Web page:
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ResearchBernoulli InstituteDepartmentsSystems, Control and Applied Analysis

Description

The research program Systems, Control and Applied Analysis (SCAA) is devoted to the analysis, control and optimization of complex large-scale dynamical systems. The mathematical research in this program is motivated by a wide range of applications in the engineering and natural sciences.

Mathematical systems and control theory deals with the mathematical modeling, analysis and control of open systems evolving in time. The dynamics is described by ordinary or partial differential equations, or can be a mixture of continuous and discrete dynamics. This dynamical behavior is not only sought to be analyzed, but to be influenced (controlled) and optimized as well; by the addition of feedback loops, and by the interconnection to other dynamical systems (controller design). Furthermore, dynamical data are used to identify the underlying model, or to approximate it by a model of lower dimension.

Typically, the system models under consideration are described by under-determined sets of equations. As a result, there are free variables in the system description (corresponding to 'inputs'), which together with information about the current state of the system (corresponding to 'outputs') model the interaction with other systems or the environment. Furthermore, the systems point of view is emphasized, in the sense that large-scale dynamical systems are viewed as networks of interconnected systems, where the overall dynamics is determined by the dynamics of the system components plus the network and feedback structure. This point of view is prevailing in many areas of engineering science and economics, and is receiving increasing attention in the life sciences ('reverse engineering'). The modeling, control, and optimization of complex dynamics brings together a variety of mathematical theories and tools, from analysis, geometric control, multi-physics modeling and stability theory, to algebraic graph theory, Hamiltonian systems and (distributed) optimization.

The members of the program have close collaboration and joint projects with colleagues working in other scientific disciplines such as control engineering, smart energy systems, robotics, transportation systems, and systems biology. In particular, there is a close collaboration with the control engineering groups DTPA and SMS at the neighboring Engineering and Technology Institute (ENTEG), under the umbrella of the Jan C. Willems Center for Systems and Control.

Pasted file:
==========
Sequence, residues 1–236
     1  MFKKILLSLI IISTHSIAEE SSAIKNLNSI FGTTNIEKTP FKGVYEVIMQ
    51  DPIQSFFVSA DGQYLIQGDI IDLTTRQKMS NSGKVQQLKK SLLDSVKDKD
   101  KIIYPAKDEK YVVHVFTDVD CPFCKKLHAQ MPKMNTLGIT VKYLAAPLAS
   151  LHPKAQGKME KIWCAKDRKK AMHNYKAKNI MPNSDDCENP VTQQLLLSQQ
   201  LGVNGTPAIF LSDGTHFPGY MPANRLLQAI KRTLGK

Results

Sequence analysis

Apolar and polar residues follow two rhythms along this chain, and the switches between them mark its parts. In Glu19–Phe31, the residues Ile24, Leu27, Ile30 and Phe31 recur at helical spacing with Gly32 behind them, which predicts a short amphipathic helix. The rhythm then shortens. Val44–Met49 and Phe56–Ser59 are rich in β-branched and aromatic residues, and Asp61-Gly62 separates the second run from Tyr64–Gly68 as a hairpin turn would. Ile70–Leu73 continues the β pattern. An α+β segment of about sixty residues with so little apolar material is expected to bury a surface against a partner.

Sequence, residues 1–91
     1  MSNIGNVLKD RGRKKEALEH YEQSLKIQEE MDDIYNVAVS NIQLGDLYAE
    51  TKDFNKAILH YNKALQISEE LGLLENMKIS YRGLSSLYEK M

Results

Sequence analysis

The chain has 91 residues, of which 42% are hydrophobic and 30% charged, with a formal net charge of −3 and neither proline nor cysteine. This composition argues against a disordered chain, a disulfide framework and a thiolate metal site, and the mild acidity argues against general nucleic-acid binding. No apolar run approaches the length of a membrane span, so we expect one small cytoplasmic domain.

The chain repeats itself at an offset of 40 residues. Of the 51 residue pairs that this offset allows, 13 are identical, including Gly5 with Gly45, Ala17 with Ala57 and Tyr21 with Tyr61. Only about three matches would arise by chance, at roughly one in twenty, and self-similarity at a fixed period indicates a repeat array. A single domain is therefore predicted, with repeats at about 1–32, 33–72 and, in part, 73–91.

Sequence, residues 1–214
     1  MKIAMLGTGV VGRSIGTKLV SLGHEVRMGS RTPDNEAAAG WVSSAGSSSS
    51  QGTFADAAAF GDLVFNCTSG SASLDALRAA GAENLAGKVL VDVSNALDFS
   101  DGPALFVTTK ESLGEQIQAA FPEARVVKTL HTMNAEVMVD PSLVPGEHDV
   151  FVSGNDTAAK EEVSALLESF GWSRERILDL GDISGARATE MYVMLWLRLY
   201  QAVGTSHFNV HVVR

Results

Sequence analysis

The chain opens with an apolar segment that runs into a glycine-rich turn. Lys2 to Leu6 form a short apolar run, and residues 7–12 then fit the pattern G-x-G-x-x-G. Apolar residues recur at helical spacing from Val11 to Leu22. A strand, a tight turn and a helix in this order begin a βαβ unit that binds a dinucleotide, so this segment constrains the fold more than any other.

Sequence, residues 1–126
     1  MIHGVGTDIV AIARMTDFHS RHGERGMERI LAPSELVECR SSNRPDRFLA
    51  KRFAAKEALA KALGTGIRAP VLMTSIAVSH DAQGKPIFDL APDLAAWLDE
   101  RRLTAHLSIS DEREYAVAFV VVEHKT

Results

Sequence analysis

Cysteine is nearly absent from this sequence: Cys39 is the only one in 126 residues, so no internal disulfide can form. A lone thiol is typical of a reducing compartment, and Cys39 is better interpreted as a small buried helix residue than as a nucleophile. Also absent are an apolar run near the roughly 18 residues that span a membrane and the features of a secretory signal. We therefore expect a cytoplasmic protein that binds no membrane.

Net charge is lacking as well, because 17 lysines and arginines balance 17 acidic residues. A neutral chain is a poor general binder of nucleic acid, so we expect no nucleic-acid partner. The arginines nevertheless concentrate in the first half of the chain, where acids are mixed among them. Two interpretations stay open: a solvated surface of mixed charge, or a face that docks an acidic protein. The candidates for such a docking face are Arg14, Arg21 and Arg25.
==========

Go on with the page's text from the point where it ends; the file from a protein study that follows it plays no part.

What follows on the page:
Although the focus in the program is on fundamental mathematical developments, the research is motivated by a number of application areas, and applied to these in collaboration with colleagues. Present day application topics include energy systems (stability and control of power networks, dynamic pricing, systems integration), systems biology (chemical reaction networks, regulation), and transportation systems (e.g., vehicle platooning).

Systems, Control and Applied Analysis
Systems, Control and Applied Analysis

The main research themes in the program are:
  1. Network dynamics and control (Kanat Camlibel, Harry Trentelman, Arjan van der Schaft, Bart Besselink, Oleksandr Ivanov, Mark Jeeninga, Monika Jozsa, Jia Jiajia, Junjie Jiao, Pooya Monshizadeh, Li Wang, Henk van Waarde).
    Network dynamics and dynamical multi-agent systems arise in many fields of engineering and natural sciences. Systems and control theory contributes to this area by providing concepts and tools for the study of structural properties such as controllability (leader-follower networks) and model reduction, and for their control including synchronization and consensus dynamics. This entails a close interplay between geometric systems and control theory on the one hand, and algebraic graph theory on the other. Applications include power and sensor networks, dynamical distribution networks, as well as large-scale chemical reaction networks in systems biology.

  2. Geometric modeling and control of multi-physics systems (Arjan van der Schaft, Filip Koerts, Pooya Monshizadeh, Rodolfo Reyes Baez, Tjerk Stegink, Li Wang).